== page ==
February 2007

I read an article at 1up called “Clash of the Cultures” that talked about the differences between American and Japanese games and directly correlated those differences with the differences in American and Japanese culture, mind-set, history, etc. My feelings on this article are mixed. I think the explanations of the differences between Japanese and American games, and the examples provided to explain those differences, are excellent. However, the analysis/explanation of those differences via an explanation of Japanese and American culture border somewhere between overly simplistic and idiodic. Granted, alot of the ‘analysis’ is being quoted by various American and Japanese game developers, who can hardly be considered to be sociologists, anthropologists, or Japan studies scholars, but that doesn’t change the idiocy of the statements.

Here are some of the more obvious ones:

I have an old computer. I got it as a gift 8 years ago, and it wasn’t even top-of-the line then. It is an Acer Travelmate 512T laptop, which comes with a whopping 330 MHz processor, 64 MB of ram, and an unbelievably huge 4 GB hard drive. In subsequent use I’ve updated the ram to 160 MB, and the hard drive to 20 GB (I had to do this when the old hard drive died on me…)

It was running Win98SE, which was sufficient for its time. In the past I’ve experimented with a few linux distributions on it, mostly Mandrake because I was a newbie to linux and the command line scared me. I never really got used to it though, and always went back to Windows.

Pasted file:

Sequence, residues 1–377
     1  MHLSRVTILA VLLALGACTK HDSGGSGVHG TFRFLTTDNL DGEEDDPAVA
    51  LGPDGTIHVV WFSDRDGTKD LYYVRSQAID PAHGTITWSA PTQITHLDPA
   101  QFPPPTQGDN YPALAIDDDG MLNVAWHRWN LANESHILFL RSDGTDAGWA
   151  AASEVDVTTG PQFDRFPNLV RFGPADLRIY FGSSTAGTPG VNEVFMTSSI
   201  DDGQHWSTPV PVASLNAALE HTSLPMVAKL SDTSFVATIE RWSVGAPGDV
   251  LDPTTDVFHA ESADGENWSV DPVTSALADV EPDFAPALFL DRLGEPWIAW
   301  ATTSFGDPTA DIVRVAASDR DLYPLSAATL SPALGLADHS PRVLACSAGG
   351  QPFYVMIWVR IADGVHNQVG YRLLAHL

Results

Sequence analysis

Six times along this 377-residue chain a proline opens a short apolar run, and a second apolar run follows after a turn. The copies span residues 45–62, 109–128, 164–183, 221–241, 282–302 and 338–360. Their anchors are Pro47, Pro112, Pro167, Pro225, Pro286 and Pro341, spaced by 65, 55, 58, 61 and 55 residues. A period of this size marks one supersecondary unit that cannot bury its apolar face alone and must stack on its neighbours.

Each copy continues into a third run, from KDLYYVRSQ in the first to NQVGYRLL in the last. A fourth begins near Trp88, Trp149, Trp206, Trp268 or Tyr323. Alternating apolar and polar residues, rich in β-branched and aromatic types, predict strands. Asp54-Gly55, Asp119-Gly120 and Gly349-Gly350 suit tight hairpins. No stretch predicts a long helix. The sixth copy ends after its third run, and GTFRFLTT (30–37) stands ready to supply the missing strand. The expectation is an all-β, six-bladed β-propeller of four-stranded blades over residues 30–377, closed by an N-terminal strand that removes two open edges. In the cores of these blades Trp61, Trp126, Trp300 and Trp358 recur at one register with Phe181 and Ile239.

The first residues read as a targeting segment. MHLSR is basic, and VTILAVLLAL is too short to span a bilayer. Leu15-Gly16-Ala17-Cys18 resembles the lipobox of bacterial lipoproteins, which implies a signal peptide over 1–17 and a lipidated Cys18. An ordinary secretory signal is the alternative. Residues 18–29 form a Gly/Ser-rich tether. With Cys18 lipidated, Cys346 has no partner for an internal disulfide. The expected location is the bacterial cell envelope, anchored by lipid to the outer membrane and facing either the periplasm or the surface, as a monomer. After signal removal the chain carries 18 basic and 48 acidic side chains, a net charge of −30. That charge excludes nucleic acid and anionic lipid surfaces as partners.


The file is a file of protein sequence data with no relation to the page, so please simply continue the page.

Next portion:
Well, that computer is old and it got to the point where running anything with Win98 was practically an open invitation for viruses and zombification, so I stopped using it. It’s been sitting in it’s bag for about 3 years.

But the other day I needed to install Linux on one of my computers at school, so I gave Ubuntu a try. And lo and behold, it was easy! I had it up and going, patched, and ready to go in under an hour. I was so impressed that I decided to try something that I have tried many times but never gotten working in linux before – Japanese input.

Now having Japanese input isn’t so hard really, you just log in with a Japanese session. However, that makes all the menus, etc. Japanese, which isn’t really what I want. I just want the ability to input Japanese when I want to while staying in a primarily English environment. It used to be hard in Windows, but in XP it’s pretty simple. Just a few clicks on the Language Settings.

So I performed a google search that gave me this site. I followed the instructions, and it worked the first time! I was amazed. So I decided to pull out my old laptop and give it another try, this time with Ubuntu. There were a few snags, mostly just that it doesn’t have the memory to handle the graphics-based installer, but there is a seperate alternate-install CD for computers with less memory.

And did it work? I’m typing this entry with that very same super-old computer. The 600×800 resolution is a little smaller than what I’m used to, but other than that it’s great. It did take over 4 hours to install and patch it, but that’s not too different than how long it took to install Win98 and get everything installed and working again.

And did I get Japanese input working? それもちゃんとできている。文句はただ一つで、その英語と日本語の引力を変えるホットキーはShift+Spaceであるから、英語で「I」を打ったらよく日本語に変わってしまう。そのホットキーも変えられるはずけど、まだそこまではわかってない。

So my point behind the title is that linux may now be to the point where it’s usable/useful for the more average computer user. This old laptop is now my mess-around computer. I can surf and blog, and even code if I want to. For now I guess I’m limited to C++ and python though. I can get Fortran working if I install the compiler (but why would I want to, do you ask?), but no Matlab. Although there is Sci-Py, and GNU Octave, which are both kind of open-source Matlab alternatives, so when I have some time I’ll check it out.